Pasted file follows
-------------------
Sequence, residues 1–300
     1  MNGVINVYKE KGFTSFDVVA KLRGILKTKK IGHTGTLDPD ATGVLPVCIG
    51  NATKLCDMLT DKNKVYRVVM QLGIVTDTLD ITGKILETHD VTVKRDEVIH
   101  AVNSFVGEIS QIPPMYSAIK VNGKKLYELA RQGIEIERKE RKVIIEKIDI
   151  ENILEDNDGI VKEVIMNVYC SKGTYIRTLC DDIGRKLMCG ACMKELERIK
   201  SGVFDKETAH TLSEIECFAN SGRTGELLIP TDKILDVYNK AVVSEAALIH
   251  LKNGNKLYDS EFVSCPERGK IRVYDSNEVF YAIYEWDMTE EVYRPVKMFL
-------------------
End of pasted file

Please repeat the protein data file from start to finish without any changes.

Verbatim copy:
Sequence, residues 1–300
     1  MNGVINVYKE KGFTSFDVVA KLRGILKTKK IGHTGTLDPD ATGVLPVCIG
    51  NATKLCDMLT DKNKVYRVVM QLGIVTDTLD ITGKILETHD VTVKRDEVIH
   101  AVNSFVGEIS QIPPMYSAIK VNGKKLYELA RQGIEIERKE RKVIIEKIDI
   151  ENILEDNDGI VKEVIMNVYC SKGTYIRTLC DDIGRKLMCG ACMKELERIK
   201  SGVFDKETAH TLSEIECFAN SGRTGELLIP TDKILDVYNK AVVSEAALIH
   251  LKNGNKLYDS EFVSCPERGK IRVYDSNEVF YAIYEWDMTE EVYRPVKMFL